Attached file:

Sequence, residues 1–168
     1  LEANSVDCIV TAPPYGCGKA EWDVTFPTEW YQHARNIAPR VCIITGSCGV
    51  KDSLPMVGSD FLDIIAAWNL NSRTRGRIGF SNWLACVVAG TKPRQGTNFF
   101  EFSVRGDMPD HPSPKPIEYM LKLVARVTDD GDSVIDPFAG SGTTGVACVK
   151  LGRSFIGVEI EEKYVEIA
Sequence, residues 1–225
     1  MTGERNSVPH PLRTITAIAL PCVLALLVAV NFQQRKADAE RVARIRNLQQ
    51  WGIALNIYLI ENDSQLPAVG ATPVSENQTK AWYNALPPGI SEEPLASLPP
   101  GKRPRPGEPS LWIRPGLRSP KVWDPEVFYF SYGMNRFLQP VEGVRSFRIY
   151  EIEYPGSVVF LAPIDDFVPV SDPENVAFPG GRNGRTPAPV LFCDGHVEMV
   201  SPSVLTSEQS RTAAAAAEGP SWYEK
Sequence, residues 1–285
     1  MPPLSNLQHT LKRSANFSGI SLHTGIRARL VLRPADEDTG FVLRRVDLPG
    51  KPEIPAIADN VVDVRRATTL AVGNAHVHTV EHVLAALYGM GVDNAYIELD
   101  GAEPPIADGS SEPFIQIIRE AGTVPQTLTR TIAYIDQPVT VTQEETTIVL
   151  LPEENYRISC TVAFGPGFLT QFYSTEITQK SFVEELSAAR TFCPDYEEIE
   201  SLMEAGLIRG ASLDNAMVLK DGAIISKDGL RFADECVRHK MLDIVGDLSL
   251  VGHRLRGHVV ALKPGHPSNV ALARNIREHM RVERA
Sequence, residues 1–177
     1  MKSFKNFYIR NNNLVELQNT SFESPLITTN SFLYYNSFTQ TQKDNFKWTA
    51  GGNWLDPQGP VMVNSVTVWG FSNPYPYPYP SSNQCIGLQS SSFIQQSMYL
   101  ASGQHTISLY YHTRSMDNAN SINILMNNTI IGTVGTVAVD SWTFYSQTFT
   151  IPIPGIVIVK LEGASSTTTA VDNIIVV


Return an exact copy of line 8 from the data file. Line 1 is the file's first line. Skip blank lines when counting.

    51  WGIALNIYLI ENDSQLPAVG ATPVSENQTK AWYNALPPGI SEEPLASLPP